An excessive release of nitric oxide (NO) has been incriminated in the circulatory disturbances of septic shock.
To study the effects of an NO donor, 3-morpholinosydnonimine (SIN-1), on oxygen availability and regional blood flow during endotoxic shock to see if a beneficial effect of NO synthase inhibitors in septic shock could be conclusively demonstrated.
Materials and Methods:
In 14 anesthetized and mechanically ventilated dogs, global invasive hemodynamic monitoring was completed and ultrasonic flow probes were placed around the superior mesenteric, left renal, and left femoral arteries for simultaneous measurements of regional blood flow. All dogs received Escherichia coli endotoxin, 2 mg/kg. A control group (n=7) was administered saline at 20 mL/kg per hour, and a SIN-1 group (n=7) was given a combination of saline with SIN-1 at successive doses of 1, 2, and 4 μg/kg per minute.
Neither systemic nor pulmonary arterial pressures were influenced by SIN-1. Cardiac index, stroke index, and left ventricular stroke work index did increase at low to moderate doses of SIN-1 but tended to decrease at the highest dose. Systemic and pulmonary vascular resistances decreased. Fractional blood flow increased in the mesenteric bed at all doses used, was not influenced in the renal bed, but decreased in the femoral bed at the highest dose. Oxygen-derived variables were similar in the 2 groups. Blood lactate and plasma concentrations of tumor necrosis factor were not significantly influenced. At the end of the SIN-1 infusion, the administration of 5 mg/kg of methylene blue increased arterial pressure, pulmonary arterial pressure, and systemic and pulmonary vascular resistances but decreased cardiac index and regional blood flow.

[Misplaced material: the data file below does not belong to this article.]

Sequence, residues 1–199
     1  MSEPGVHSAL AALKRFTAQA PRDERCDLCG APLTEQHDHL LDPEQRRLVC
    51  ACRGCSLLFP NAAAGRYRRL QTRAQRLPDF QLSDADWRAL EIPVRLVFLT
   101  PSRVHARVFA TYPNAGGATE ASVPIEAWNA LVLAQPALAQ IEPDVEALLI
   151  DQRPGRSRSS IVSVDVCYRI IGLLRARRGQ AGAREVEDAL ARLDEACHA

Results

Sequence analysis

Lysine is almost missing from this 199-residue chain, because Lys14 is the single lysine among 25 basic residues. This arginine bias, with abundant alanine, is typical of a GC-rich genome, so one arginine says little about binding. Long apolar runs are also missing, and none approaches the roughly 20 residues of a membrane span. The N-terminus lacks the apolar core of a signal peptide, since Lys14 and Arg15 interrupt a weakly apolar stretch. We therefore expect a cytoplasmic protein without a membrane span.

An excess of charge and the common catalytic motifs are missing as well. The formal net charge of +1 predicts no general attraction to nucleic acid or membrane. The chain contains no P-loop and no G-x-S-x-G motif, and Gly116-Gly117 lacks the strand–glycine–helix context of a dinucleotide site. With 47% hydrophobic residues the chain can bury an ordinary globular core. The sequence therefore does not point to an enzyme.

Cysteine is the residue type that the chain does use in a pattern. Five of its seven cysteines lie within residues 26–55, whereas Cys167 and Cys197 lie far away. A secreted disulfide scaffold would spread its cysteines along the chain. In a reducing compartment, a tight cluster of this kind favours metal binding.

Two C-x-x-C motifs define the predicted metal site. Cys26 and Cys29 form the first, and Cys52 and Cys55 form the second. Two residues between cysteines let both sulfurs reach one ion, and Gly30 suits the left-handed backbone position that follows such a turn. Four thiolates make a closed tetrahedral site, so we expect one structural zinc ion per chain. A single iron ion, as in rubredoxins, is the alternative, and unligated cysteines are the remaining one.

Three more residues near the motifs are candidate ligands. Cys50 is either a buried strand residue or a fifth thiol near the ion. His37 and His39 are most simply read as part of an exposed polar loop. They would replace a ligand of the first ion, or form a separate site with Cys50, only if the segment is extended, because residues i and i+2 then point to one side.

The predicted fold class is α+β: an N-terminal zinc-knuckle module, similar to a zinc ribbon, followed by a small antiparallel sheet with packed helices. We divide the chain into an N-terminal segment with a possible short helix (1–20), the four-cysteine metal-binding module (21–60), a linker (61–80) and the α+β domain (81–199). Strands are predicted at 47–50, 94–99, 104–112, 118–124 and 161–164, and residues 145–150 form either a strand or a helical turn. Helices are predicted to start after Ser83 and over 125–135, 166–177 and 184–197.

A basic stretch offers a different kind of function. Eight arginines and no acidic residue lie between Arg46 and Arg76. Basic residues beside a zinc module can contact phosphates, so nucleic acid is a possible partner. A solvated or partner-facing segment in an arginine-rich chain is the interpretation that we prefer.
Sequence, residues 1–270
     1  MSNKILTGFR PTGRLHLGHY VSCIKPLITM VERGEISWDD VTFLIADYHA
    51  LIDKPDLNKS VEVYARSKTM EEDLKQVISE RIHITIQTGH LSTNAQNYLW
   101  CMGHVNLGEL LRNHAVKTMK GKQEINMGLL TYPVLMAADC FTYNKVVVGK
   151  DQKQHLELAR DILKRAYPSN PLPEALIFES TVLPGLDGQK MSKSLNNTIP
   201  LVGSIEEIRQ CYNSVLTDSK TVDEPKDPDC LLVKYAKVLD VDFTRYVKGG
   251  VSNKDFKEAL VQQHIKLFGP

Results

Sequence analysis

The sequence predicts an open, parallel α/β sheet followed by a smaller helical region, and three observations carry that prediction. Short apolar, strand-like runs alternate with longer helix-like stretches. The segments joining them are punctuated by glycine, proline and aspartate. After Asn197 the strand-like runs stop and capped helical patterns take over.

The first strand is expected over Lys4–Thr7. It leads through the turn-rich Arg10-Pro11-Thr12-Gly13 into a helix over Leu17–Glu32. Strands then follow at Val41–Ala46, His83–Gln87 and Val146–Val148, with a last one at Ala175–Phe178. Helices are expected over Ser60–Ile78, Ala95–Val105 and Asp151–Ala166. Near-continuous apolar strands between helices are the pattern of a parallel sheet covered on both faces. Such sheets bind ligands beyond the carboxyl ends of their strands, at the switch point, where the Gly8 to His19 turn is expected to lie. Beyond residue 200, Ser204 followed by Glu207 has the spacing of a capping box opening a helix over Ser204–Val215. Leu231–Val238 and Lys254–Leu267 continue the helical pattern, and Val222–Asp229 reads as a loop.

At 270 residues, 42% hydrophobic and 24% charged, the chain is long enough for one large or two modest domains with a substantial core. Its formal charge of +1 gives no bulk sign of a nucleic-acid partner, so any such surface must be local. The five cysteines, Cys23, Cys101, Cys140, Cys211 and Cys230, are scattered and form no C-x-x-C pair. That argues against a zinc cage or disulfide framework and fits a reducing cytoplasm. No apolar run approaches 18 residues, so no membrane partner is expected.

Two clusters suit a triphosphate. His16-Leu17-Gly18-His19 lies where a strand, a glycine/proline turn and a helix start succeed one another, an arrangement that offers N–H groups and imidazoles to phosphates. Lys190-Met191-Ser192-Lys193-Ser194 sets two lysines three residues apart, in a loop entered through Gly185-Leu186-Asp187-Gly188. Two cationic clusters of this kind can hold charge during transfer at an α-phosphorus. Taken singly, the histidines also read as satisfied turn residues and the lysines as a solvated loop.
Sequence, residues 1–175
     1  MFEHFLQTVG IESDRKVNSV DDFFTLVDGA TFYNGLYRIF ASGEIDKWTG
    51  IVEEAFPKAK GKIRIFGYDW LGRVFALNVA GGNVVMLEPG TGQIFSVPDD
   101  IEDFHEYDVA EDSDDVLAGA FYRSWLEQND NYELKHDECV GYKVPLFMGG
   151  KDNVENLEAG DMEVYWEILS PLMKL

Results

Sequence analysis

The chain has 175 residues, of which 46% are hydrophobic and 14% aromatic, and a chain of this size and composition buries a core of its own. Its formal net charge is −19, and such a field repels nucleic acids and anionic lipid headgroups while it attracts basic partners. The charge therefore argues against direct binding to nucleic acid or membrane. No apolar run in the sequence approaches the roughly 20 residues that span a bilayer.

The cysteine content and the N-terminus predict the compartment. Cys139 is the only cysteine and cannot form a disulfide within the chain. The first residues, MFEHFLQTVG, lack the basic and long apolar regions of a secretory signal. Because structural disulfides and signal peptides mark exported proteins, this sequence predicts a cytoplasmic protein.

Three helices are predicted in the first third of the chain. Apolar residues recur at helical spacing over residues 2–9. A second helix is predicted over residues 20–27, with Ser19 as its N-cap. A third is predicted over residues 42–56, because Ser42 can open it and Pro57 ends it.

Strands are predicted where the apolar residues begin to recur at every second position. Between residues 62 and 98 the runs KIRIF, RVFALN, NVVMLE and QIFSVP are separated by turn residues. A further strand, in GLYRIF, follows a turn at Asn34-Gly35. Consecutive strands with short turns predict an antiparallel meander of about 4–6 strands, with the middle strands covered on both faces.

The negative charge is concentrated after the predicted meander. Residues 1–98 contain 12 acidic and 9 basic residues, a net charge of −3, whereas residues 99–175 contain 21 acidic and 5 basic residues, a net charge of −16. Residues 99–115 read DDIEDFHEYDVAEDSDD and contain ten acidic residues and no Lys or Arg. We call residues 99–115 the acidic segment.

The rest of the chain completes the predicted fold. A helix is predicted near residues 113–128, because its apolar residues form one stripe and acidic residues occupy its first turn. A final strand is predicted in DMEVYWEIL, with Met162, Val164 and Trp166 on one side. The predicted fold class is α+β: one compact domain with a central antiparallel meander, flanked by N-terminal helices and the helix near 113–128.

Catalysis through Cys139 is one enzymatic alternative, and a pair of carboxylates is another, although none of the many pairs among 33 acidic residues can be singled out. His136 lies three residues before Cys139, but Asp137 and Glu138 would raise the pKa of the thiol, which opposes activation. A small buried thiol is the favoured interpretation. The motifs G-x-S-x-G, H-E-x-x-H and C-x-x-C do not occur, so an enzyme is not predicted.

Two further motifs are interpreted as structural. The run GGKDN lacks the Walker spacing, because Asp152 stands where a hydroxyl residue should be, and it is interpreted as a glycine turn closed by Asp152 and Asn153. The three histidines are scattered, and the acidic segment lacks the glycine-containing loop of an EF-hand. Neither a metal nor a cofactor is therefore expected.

The administration of low to moderate doses of the NO donor SIN-1 can significantly increase cardiac index and superior mesenteric blood flow without deleterious effects on arterial pressure in this model of endotoxic shock. These findings support the hypothesis that NO is essential to maintain organ blood flow even during endotoxic shock.Arch Surg. 1996;131:767-774